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‘Harlem’ creator Tracy Oliver knows the power of Black female friendship

Creator Tracy Oliver, center, is flanked by, from left, actresses Jerrie Johnson, Grace Byers, Meagan Good and Shoniqua Shandai at the “Harlem” premiere in New York City on Dec. 1. (Theo Wargo/Getty Images for Amazon Studios)
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Nobody does Black friendship like Tracy Oliver, the buzzy writer and producer behind “Girls Trip,” the “First Wives Club” reboot and the new show “Harlem," her sumptuous take on Black female friendship above New York City’s 110th Street.

Without her girls (on-screen and off), she probably wouldn’t be here — here being the top of a decade-long climb that began when she co-produced the web series “The Mis-Adventures of Awkward Black Girl” with her college pal Issa Rae.

For Oliver, sisterhood hasn’t just been good for business; it is the business.

“I really like writing friendships. There’s something fun to me about capturing that sisterhood and that love that we have for one another,” said the showrunner, 32.

“Harlem” has been a critical darling since its December premiere on Amazon Prime. That achievement came hot off the heels of Oliver’s reported eight-figure multiyear deal with Apple Plus. And, if a long-awaited negotiation is finally reached, the executive producer will dive into the sequel to “Girls Trip,” the first movie written by a Black woman to make $100 million at the box office.

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The screenwriter has found the most inspiration — and had the most fun — writing about friend groups because “you can actually go deeper than you can with other relationships. I think [friends are] weirdly more vulnerable,” said Oliver, who should know.

It was her own pals who helped pull Oliver out of the kind of “woe is me” funk into which the characters she’s created have easily fallen. After scoring a series order in 2019 for “Harlem,” an idea for a “non-gentrified” version of New York City she had dreamed up years before, Oliver learned that another comedy, Leigh Davenport’s “Run the World,” which was also about four Black women living in the famous Upper Manhattan neighborhood, was filming a pilot.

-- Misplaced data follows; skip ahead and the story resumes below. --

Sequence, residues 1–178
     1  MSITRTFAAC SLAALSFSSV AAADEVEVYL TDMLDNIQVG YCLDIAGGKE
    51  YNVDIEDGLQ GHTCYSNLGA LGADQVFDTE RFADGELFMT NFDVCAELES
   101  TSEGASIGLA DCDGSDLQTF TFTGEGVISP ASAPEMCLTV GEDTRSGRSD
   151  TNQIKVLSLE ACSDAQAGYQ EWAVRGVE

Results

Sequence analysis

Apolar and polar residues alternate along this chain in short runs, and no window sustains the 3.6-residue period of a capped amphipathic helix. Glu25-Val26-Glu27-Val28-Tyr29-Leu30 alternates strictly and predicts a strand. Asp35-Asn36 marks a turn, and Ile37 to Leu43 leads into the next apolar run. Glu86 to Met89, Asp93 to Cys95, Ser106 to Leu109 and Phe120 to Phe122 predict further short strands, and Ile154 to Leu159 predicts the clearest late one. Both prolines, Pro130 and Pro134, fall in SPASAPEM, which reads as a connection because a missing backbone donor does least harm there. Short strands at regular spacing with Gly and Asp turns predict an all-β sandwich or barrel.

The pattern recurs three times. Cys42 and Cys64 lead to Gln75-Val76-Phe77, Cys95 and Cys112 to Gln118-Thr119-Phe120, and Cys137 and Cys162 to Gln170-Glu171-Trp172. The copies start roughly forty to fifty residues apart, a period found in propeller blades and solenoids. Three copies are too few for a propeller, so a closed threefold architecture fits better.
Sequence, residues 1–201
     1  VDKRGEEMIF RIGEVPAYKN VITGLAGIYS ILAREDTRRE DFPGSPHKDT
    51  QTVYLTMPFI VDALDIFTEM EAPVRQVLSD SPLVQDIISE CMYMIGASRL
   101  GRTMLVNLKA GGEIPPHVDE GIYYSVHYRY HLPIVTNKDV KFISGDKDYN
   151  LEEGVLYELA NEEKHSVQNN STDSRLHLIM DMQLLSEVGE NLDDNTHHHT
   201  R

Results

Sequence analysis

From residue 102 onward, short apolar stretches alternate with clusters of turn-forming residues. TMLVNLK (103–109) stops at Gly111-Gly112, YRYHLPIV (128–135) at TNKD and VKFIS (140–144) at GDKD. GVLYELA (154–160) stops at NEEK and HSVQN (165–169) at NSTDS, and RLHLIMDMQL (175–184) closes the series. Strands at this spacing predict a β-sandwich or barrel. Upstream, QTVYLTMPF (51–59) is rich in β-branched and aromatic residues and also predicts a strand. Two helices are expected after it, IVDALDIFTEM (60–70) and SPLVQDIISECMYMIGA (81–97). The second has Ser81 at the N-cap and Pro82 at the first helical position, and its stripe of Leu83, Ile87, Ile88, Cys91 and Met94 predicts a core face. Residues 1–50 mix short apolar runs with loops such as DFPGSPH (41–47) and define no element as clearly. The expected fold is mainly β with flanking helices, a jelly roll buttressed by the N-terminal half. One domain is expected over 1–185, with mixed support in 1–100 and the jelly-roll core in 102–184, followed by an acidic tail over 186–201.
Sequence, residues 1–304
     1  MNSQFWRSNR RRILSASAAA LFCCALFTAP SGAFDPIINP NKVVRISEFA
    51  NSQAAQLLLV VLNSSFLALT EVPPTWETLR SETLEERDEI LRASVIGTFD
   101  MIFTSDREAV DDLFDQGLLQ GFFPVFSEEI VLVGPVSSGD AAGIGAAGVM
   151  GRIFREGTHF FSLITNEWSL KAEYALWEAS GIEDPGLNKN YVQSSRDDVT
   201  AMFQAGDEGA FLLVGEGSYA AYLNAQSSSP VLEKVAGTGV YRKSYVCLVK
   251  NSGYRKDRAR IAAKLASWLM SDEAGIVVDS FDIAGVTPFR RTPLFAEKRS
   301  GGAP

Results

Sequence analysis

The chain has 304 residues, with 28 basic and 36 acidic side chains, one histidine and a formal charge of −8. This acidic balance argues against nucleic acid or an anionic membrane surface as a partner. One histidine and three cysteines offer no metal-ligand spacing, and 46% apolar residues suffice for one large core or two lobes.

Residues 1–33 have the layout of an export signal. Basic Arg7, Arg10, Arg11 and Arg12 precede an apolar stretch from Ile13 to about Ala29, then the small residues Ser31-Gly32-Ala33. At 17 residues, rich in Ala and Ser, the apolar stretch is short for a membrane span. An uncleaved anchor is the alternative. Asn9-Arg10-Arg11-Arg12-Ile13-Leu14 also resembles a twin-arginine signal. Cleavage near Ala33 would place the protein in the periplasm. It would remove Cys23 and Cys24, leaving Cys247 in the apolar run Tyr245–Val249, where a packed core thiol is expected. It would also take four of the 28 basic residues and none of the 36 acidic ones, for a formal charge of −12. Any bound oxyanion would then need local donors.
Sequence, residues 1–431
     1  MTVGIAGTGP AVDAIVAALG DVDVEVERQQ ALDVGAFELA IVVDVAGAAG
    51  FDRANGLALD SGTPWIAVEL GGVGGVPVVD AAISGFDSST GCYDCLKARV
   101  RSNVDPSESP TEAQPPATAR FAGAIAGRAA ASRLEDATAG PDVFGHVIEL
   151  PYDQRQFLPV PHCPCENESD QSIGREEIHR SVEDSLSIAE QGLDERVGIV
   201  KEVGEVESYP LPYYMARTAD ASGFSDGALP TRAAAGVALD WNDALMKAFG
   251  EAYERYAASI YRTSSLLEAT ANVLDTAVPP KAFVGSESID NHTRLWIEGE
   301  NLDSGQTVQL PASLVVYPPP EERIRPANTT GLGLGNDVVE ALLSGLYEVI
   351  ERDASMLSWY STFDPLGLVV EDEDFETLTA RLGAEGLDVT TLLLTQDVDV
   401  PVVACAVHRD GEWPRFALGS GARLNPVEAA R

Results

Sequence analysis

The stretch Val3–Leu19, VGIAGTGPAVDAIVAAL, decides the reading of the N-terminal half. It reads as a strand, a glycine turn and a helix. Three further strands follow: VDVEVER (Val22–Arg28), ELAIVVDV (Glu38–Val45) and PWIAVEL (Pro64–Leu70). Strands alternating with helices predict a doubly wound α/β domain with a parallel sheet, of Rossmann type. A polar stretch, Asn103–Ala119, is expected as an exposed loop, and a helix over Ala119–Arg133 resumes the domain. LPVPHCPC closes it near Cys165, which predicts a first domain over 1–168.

“I was devastated,” she said, and could see what was coming. The show she knew was “unique and necessary” would be labeled a copycat and Oliver would inevitably be compared to another Black writer in the business. The inevitable implied cattiness was the opposite of the kind of stories she wanted to see on-screen or experience in her own life. “I didn’t want any of this. I was really upset,” Oliver said. But her friends got her together.

Veteran filmmaker Neema Barnette, who directed the finale of “Harlem,” was blunt. “She was like, ‘B----, don’t worry about none of this,’” Oliver recalled.

Barnette, the first African American woman to direct a TV sitcom, remembered encouraging Oliver to focus on the work and to avoid the Hollywood trap of pitting creatives of color against one another.

“Black folks are always under a microscope. Hollywood puts us all in one pot and doesn’t take the time to analyze what each individual voice is trying to say. Meanwhile, you can have 30 procedural show and 45 hospital shows,” Barnette said. “I told Tracy: ‘There’s room for more than one. If you have something to say then you’re in the right place.’”